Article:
At the Jacksonville Arboretum, 7-year-old Mary Young bounced up and down with excitement as she headed down a trail, showing off her new Cub Scout uniform.
Yes, Cub Scout. As in Boy Scouts of America.
She was the first girl to sign up for a North Florida Council pack since the national organization began accepting girls into the Cub program in June. Mary had been in Girl Scouts, but with her brother a Cub Scout and their mother a den leader, she tagged along to many Boy Scout activities.
Mary wanted to be more than a tag-a-long. She wanted to be an official participant in pack-wide camping trips, in the iconic Pinewood Derby, not be on the outside looking in.
“Because it’s just good to ... go and do these things,” Mary said.
Brother Gavin, 9, is thrilled.
“Finally,” he said. “My sister has been going with us on everything but never got recognition for it.”
In October 2017 the Boy Scouts of America board of directors unanimously approved admitting girls ages 6 to 11 into its Cub Scout program in 2018 and older girls into a new program in 2019. Also next year, the name of the older youth program will be Scouts BSA, while the name of the overall organization will remain Boy Scouts of America.
Just like their boy counterparts, older girls will be able to earn the highest rank of Eagle Scout.
The decision followed years of requests from families and girls, as well as research and input from current and prospective members and leaders, said Jack Sears, CEO of Boy Scouts of America’s Jacksonville-based North Florida Council.
“We believe that our programs are uniquely able to develop character and leadership skills in young people and we are proud to be able to make them available to both boys and girls,” he said. “We understand that families today are busier and more diverse than ever ... We think we owe it to families to offer our programs in a way that fits into their busy lives to deliver character development and values-based leadership training that Scouting promises.”
The Boy Scouts, which has about 2.3 million members ages 7 to 21 nationwide, has offered co-ed programs since 1971 through its Exploring and the Venturing programs. Also, its STEM Scout pilot program is available for both boys and girls. But the new guidelines further expand co-ed programs: Existing Cub packs may establish a new girl pack, a pack that consists of girl dens and boy dens or remain an all-boy pack. Individual Cub dens will be single-gender — all boys or all girls.
About 80 Cub Scout packs in North Florida have “signaled an interest to welcome” girls via girls-only dens, Sears said, and 504 girls have joined a den in one of those packs. Other packs will make a decision later based on demand, he said.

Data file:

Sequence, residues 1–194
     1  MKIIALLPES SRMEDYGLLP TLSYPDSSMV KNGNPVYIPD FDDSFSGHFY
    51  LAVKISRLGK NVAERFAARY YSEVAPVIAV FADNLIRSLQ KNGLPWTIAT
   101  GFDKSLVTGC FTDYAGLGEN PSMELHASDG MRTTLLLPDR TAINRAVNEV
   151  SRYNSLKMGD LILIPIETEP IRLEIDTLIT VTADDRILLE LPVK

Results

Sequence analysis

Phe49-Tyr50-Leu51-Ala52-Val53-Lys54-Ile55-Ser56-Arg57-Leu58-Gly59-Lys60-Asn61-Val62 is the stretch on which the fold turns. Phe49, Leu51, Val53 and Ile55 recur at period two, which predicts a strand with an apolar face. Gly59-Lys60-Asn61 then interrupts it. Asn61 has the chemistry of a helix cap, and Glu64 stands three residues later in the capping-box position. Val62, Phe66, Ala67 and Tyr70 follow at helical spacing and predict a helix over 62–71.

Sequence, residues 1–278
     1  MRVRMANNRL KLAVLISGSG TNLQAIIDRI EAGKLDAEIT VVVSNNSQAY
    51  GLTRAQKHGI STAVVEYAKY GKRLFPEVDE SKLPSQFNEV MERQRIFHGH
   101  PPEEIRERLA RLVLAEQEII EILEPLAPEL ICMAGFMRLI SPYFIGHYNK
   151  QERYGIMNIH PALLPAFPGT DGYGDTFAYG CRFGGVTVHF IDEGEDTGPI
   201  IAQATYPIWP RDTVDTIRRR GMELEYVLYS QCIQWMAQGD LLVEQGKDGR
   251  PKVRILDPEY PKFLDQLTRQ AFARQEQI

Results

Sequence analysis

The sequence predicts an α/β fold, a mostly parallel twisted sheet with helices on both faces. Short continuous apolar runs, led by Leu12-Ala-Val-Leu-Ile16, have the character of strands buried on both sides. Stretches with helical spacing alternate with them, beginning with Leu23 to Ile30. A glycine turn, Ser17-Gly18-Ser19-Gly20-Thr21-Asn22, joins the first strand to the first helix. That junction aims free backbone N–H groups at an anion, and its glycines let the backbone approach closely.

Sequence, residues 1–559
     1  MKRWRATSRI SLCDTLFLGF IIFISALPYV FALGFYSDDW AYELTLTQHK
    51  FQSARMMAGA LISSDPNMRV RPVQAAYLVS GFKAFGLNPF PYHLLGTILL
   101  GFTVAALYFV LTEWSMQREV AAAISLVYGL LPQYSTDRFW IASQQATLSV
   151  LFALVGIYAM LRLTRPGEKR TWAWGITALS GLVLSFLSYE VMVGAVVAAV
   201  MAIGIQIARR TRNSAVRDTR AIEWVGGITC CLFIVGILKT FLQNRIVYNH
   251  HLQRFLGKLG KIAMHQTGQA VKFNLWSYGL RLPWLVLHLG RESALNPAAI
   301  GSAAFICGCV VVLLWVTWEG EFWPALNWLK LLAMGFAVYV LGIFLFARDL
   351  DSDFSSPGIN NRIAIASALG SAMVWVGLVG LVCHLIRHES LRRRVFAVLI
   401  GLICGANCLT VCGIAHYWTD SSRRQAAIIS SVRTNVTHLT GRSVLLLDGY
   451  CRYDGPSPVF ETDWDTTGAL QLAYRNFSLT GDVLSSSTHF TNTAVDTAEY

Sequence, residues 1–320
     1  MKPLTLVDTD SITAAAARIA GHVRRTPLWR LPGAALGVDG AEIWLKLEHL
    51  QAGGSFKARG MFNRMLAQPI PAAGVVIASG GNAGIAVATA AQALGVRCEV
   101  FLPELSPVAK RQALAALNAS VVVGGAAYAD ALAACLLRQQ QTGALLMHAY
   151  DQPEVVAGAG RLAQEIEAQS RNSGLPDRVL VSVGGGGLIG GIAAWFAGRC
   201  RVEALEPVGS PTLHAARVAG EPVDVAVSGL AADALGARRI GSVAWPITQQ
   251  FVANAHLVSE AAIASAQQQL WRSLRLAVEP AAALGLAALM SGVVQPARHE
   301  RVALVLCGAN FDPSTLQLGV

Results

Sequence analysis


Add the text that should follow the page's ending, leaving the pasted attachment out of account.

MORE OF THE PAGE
“Families today have many good options for character and leadership development programing for their families,” Sears said. “The values of [Boy] Scouting as detailed in the 12 points of the Scout Law — trustworthy, loyal, helpful, friendly, courteous, kind, obedient, cheerful, thrifty, brave, clean and reverent — are relevant and important for both young men and women.”
Still, the organization’s “commitment to single-gender offerings remains the same,” he said. “We acknowledge and celebrate that boys and girls develop differently and there are times that single-gender learning is most appropriate.”
On that point at least, Mary Anne Jacobs, CEO of the Jacksonville-based Girl Scouts of Gateway Council, agreed. But Girl Scouts is the appropriate teacher for girls, she said, because it has exclusively served them and researched their development for 106 years.
“We were certainly disappointed with the Boy Scout’s decision, not because it’s another competitor in the marketplace,” she said. “They’re not prepared to meet girls’ needs. ... Girls face unique challenges. As parents, we want to enroll them in programs that are girl-focused.”
The Boy Scout decision actually increased public awareness of Girl Scouts — “We had a growth spurt,” Jacobs said — but also led to some public confusion. So the organization has been working overtime to help families understand its specially-designed-for-girls programs. They have had help from the star power of national CEO Sylvia Acevedo, a Girl Scout who was one of the first Hispanic students to get a master’s in engineering from Stanford and later became a NASA rocket scientist. She is a longtime advocate of STEM education — science, technology, engineering and math — for young women.
They are and will continue to be girl-centric, Jacobs said, and will not be extending the welcome mat to boys.
“We know what we do, we know we do it well and we are going to stay hyper-focused,” Jacobs said.
Candice Young, Mary and Gavin’s mother, said having her son and daughter in Cub Scouts stemmed not from any ill will against the Girl Scouts, but from a busy mother’s packed schedule. The change has reduced her time on the road taking each of her children to different Scouting activities on different days and times, she said, and allows for far more family time.
“As a busy mother, I love activities we can do together,” she said. “I support any organization that gets youth busy, all these things are fine. ... But she wanted to go camping with her brother.”
That Gavin also loves sharing Cub Scouts with his sister warmed his mother’s heart.
“I was thrilled,” she said. “He is not too cool for school.”
Beth Reese Cravey: (904) 359-4109